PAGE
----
Whatever your reason may be for creating video content, an interview, or possibly interviews, may be part of the plan, whether you’re the one getting interviewed, doing the interviewing, or aren’t directly involved yet there will some form of one at some point.
It makes sense. After all, the reason so many videomakers choose to include an interview or interviews in some way is because they work. They give viewers a chance to hear the message from the horse’s mouth, as they say, and that can go a long way toward getting them to relate to and engage with your content.
The thing is, if you or those involved are new to the process or just uncomfortable with being on camera, then make no mistake, that will directly affect your video. So, as longtime NY / NJ video production pros, we thought we’d pass along a few tips that should help.
Natural and casual are key to video interview success.
No matter who’s getting interviewed, whether it’s your company’s founder(s), members of your organization, experts or influencers in your field, etc., the people on camera can’t come across as robots.
We all know that, of course. Authenticity and transparency are words we hear a lot nowadays, but that hasn’t stopped a whole lot of videomakers, brands, and marketers from continuing to produce videos that appear anything but genuine and sincere.
And that has a lot to with the way they conduct their interviews. They often think it’s better to come up with a definitive script, rehearse it again and again, and then try their best to stick strictly to their lines.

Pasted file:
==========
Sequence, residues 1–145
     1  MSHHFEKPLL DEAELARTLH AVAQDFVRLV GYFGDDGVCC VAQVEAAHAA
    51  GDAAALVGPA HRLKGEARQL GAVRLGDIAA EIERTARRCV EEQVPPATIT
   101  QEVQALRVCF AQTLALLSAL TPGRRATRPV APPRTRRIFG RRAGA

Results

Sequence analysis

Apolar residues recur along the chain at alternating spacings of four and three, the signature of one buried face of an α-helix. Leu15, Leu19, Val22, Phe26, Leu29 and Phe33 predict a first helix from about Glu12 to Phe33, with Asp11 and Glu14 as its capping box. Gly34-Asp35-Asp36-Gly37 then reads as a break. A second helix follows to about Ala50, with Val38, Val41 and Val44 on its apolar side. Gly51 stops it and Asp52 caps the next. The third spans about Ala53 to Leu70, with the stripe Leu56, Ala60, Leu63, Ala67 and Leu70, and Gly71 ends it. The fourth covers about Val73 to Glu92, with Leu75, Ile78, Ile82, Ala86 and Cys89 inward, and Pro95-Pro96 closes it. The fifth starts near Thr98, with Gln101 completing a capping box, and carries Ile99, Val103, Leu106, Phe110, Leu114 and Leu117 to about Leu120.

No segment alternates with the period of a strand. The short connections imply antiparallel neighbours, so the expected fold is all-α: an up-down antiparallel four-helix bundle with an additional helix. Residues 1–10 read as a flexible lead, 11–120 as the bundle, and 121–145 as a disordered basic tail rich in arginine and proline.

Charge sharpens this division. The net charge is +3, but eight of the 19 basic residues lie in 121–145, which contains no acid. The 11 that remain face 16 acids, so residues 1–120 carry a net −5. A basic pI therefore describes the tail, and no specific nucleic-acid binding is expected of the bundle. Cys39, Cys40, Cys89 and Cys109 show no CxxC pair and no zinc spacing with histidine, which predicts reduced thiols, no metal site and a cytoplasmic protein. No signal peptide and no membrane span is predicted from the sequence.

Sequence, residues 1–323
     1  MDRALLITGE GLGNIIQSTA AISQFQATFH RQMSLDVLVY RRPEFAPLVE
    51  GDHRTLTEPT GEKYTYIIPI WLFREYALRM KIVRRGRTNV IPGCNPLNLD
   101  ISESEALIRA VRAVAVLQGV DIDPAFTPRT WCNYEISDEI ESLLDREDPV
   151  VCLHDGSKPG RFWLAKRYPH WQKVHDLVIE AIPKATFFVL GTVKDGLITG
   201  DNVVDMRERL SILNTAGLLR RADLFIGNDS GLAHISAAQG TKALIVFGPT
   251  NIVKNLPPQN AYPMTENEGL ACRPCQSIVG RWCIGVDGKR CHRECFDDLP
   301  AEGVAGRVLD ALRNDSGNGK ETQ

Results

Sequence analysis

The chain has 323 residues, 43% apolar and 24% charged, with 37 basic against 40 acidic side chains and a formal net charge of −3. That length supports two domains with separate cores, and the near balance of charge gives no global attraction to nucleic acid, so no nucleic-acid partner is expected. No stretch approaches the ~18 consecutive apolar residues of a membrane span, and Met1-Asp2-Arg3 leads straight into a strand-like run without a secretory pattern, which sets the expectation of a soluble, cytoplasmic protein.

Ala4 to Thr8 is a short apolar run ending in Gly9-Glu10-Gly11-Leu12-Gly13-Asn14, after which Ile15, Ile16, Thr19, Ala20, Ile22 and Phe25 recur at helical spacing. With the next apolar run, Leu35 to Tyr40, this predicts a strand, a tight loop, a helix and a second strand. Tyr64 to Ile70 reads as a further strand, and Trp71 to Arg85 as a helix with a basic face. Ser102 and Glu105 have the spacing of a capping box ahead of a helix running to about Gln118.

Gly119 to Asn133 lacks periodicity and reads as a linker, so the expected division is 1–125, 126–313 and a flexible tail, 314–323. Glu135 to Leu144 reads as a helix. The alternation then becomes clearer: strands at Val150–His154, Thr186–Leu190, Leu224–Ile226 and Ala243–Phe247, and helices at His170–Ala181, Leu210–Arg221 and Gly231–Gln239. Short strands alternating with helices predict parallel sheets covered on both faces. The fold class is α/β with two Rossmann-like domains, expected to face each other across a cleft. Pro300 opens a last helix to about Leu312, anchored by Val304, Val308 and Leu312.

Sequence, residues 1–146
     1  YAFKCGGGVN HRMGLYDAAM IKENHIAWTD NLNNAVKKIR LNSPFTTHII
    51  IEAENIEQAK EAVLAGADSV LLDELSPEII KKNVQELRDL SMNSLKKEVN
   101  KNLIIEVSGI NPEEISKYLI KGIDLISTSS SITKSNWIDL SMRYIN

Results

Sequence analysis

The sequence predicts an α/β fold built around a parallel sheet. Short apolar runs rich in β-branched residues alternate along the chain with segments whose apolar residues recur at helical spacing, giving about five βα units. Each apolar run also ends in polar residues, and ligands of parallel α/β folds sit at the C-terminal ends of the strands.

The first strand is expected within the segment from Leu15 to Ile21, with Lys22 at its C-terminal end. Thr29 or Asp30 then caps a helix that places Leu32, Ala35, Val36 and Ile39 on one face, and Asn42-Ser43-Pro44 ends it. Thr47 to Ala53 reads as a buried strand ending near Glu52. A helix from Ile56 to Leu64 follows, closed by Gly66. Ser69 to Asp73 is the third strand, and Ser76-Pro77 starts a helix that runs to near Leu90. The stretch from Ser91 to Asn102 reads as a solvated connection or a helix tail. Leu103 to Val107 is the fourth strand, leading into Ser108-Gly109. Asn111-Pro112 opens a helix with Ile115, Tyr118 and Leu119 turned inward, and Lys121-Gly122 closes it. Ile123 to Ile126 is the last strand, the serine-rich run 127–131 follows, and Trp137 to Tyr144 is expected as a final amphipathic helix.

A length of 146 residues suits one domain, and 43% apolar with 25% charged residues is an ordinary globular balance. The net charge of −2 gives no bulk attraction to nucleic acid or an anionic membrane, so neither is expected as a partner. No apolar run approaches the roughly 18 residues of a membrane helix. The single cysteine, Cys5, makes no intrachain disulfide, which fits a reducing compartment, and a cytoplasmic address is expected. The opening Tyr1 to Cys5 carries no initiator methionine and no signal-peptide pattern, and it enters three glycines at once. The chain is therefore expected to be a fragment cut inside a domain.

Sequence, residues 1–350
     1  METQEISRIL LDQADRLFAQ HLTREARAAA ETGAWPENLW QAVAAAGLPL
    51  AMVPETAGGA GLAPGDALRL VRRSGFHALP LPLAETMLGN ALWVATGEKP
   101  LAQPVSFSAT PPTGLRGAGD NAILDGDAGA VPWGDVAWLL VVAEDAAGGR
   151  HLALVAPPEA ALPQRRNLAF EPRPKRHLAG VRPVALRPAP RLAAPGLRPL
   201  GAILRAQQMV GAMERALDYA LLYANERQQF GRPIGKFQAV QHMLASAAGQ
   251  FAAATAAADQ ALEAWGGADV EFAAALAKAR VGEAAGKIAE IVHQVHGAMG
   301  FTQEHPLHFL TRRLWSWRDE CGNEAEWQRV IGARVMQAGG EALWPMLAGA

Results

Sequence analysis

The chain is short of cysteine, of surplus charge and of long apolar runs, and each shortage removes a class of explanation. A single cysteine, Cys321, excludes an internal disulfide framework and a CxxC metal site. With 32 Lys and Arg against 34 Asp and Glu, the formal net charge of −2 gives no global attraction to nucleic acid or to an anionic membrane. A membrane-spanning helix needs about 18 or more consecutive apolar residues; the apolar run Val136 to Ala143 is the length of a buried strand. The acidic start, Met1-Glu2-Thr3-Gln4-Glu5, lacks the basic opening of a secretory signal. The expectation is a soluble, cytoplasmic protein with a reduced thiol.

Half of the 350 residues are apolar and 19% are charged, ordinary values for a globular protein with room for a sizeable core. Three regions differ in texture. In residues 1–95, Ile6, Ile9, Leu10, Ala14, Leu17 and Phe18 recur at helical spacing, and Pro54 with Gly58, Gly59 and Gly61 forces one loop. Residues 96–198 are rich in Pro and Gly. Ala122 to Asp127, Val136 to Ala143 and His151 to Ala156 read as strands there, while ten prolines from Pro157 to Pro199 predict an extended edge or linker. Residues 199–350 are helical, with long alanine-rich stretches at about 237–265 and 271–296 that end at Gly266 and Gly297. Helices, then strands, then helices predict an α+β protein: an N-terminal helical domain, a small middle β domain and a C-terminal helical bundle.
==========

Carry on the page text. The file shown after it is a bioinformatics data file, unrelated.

In terms of video production efficiency, it’s the right play, but in terms of authenticity, you couldn’t take a worse approach. The better bet is to try and build a rapport between the interviewee and the interviewer, whoever they may be.
That way, they can simply hold a natural, sincere conversation. Yes, you should obviously talk about the points you’ll want touched on and discussed during the interview—no one should go in completely blind—but you don’t want everyone to be focused on sticking to a script either.
Trust us, unless you’ve got some real acting talent participating in your interview(s), then that’ll show, and the last thing you want is to end up with robotic interviews. You need real personalities to shine through, and you can’t get there by taking a phony approach.
Don’t alienate the audience.
Again, not every person participating in video interviews is going to be comfortable with the process. Take it from us, we’ve conducted our share of interviews in our time in video production in NY and NJ, and when the people involved are comfortable, it makes things a whole lot easier, but you can’t bank on it.
And it’s not just about the risk of those involved coming across as insincere or awkward. It’s also about the risk of making the audience feel left out, which can happen if the interviewee, interviewer, or both are focused solely on each other.